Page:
Under [Sen. Arlen Specter's] proposal, which he introduced last month, cameras would be removed only if a majority of the justices determined that their presence would undermine the due process of a litigant in a specific case....I would very much like to see the oral arguments on television, but I don't think Congress ought to be imposing it on the Court. At least two of the justices -- Scalia and Souter -- have strongly opposed cameras in the Supreme Court. I should think there is a decent argument that this would be unconstitutional, violating separation of powers.
The public affairs network C-SPAN broadcasts gavel-to-gavel coverage of House and Senate floor sessions, and the network's Chairman and Chief Executive Brian P. Lamb told the Judiciary Committee that he had written to Chief Justice John G. Roberts Jr. offering similar coverage of the high court.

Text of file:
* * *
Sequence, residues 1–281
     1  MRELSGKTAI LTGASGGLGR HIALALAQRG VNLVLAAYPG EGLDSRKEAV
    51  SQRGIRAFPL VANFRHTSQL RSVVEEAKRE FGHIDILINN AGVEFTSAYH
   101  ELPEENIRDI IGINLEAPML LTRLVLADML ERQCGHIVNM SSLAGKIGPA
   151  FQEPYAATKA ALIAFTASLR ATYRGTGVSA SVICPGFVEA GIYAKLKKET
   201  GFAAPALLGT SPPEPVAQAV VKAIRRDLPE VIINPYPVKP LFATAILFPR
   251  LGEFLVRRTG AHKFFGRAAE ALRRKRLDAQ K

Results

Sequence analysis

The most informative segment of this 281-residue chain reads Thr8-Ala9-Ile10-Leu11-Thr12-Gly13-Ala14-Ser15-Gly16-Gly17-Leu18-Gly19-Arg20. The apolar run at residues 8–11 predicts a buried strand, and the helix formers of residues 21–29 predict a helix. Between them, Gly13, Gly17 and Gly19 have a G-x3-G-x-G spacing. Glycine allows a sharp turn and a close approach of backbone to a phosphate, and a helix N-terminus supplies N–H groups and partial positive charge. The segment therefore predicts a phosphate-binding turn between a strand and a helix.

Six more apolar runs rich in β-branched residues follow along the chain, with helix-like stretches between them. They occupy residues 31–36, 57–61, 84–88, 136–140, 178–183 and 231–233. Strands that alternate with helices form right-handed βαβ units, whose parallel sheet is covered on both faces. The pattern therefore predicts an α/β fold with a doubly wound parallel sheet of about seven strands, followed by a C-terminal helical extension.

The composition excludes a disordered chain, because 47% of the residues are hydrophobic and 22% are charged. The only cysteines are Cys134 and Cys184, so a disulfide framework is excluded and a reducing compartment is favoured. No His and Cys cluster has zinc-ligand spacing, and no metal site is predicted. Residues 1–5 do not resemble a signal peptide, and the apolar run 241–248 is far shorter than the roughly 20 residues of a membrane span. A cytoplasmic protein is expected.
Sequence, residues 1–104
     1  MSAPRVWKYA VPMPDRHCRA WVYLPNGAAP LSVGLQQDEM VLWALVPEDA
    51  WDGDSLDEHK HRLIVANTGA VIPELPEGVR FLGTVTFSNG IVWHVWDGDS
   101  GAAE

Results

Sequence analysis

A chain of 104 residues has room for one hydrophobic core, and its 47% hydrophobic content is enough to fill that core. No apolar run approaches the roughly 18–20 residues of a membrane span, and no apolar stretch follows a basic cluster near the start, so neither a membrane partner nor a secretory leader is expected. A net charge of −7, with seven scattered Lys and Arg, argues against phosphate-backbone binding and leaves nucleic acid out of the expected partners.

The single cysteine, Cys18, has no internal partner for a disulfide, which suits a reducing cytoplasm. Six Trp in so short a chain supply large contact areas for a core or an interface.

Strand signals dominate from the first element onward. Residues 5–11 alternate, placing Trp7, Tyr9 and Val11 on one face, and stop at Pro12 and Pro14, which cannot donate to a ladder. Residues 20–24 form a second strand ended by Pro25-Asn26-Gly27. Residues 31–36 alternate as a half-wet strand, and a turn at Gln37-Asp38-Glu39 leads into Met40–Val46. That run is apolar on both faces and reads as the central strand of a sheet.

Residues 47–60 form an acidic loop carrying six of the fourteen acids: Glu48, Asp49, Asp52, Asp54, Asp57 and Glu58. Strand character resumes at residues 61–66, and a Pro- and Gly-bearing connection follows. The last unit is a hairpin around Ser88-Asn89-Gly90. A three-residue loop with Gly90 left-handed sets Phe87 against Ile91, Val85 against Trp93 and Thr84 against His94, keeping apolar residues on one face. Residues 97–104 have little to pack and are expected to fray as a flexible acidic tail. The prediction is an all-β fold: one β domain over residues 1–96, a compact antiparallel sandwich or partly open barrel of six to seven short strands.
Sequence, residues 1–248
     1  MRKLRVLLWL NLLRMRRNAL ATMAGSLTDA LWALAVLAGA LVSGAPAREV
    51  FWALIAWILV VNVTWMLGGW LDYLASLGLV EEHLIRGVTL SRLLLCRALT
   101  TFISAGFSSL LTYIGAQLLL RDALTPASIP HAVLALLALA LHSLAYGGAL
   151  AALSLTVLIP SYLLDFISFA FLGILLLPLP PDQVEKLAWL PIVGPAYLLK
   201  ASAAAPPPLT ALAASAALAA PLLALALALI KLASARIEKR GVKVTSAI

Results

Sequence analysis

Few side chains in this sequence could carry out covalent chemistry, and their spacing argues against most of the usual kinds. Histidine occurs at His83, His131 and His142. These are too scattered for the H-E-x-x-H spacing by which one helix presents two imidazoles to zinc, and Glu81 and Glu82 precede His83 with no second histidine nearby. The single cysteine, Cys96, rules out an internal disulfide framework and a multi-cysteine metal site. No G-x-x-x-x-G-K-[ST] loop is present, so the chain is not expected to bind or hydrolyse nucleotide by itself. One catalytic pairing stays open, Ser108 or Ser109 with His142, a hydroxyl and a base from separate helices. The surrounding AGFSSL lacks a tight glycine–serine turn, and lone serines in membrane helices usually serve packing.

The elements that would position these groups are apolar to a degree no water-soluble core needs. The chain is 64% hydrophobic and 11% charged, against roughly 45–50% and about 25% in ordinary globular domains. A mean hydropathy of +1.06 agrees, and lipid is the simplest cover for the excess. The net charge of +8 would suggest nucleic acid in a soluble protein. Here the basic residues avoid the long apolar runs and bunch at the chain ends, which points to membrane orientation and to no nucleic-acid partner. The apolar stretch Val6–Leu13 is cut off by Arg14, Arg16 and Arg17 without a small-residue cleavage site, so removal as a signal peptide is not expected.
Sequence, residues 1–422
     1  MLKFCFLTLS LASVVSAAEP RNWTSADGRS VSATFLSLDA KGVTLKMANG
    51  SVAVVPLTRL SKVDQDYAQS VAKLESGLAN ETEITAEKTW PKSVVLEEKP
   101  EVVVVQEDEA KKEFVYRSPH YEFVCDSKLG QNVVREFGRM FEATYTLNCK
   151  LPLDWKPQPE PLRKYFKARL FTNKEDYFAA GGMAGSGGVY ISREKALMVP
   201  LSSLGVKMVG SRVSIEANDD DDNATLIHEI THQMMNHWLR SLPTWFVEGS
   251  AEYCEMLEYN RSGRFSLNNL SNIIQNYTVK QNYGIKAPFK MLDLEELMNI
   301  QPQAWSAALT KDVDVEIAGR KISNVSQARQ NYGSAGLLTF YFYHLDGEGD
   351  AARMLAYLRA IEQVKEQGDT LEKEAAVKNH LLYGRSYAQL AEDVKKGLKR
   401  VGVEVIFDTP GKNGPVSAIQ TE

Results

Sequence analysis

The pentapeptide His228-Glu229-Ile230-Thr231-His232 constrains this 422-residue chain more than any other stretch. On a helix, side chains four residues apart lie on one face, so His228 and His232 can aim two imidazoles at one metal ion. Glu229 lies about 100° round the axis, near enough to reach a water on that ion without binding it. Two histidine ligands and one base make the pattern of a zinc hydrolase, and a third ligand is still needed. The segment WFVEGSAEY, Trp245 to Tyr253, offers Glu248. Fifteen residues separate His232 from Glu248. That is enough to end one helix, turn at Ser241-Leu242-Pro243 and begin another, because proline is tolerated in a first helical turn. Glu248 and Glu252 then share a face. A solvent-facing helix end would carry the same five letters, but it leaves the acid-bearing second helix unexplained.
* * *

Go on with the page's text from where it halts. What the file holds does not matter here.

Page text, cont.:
"The judiciary has become the invisible branch of our national government as far as television news coverage is concerned — and, increasingly, as far as the public is concerned," Lamb said.
November 10, 2005
The L.A. Times reports on a bill that would impose television cameras on the Supreme Court: